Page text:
Relive the 2000-01 Calgary Flames Season

As we race head-long into the quieter parts of the summer months, we’re kicking off a look-back at prior Calgary Flames seasons here at FlamesNation. That look back begins with 2000-01, the first campaign of the current century.

The NHL was a different place back in the fall of 2000. The league added a pair of teams to its ranks (the Minnesota Wild and Columbus Blue Jackets), swelling it to an unheard-of 30 teams amidst some hand-wringing over the size of the league and quality of play league-wide. The Flames? They hadn’t won a playoff round since the 1989 Stanley Cup Final, and hadn’t made a playoff appearance since 1996.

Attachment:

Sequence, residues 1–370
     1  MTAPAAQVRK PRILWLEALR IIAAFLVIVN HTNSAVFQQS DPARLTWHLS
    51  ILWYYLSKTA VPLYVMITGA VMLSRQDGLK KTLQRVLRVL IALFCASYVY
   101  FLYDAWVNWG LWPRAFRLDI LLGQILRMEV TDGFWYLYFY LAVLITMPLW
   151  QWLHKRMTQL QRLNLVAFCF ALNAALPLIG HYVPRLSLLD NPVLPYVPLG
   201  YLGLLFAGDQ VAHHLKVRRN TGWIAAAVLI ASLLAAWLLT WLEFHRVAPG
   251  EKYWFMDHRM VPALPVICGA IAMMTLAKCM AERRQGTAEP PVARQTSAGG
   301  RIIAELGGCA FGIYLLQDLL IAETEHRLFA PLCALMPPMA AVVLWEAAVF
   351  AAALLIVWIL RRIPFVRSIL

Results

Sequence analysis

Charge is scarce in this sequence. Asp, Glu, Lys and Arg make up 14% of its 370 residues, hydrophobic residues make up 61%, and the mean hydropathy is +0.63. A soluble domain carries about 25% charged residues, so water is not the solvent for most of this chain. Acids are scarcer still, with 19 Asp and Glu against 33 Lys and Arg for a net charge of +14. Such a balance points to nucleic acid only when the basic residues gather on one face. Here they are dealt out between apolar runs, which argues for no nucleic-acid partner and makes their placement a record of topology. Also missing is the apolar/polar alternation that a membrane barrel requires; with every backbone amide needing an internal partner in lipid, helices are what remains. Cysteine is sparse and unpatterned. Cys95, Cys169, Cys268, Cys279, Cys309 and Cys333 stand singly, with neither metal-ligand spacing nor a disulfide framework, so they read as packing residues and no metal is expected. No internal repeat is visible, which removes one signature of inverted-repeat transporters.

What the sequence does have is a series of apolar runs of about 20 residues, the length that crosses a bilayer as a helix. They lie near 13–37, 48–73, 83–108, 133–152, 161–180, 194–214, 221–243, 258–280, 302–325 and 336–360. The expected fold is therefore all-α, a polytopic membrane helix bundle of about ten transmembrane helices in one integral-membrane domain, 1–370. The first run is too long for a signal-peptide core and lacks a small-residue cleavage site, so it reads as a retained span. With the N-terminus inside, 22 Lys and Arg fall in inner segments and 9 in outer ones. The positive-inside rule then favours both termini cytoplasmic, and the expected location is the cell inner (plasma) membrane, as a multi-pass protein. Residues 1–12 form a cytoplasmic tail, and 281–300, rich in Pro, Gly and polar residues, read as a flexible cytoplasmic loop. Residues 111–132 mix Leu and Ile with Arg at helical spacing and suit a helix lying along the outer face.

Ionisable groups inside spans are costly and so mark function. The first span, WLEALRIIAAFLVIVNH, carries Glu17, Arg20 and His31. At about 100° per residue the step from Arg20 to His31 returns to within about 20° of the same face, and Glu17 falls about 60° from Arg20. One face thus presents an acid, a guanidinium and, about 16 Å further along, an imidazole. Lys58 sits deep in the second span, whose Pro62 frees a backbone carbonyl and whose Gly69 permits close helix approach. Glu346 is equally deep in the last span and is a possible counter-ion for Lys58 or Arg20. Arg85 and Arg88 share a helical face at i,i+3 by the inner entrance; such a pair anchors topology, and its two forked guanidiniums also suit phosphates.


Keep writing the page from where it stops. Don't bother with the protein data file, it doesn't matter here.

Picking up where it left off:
That streak of futility would, unfortunately, continue.


Northwest Division GP W L T OTL Pts GD Sh%* Sv%* PDO* Conf.
p-Colorado 82 52 16 10 4 118 +78 11.3% 90.7% 102.0 1st
x-Edmonton 82 39 28 12 3 93 +21 11.3% 89.6% 100.9 6th
x-Vancouver 82 36 28 11 7 90 +1 9.8% 88.8% 98.6 8th
Calgary 82 27 36 15 4 73 -39 8.8% 89.4% 98.2 11th
Minnesota 82 25 39 13 5 68 -42 8.3% 90.9% 99.2 14th

*-Because the NHL didn’t have detailed stats breakdowns back then, we used all-game numbers rather than the proper even-strength numbers to approximate PDO and calculate shooting and save percentages.


It was the first season under newly-minted general manager Craig Button, and expectations were high. The club brought in highly-regarded junior coach Don Hay to right the ship after four seasons outside of the playoffs.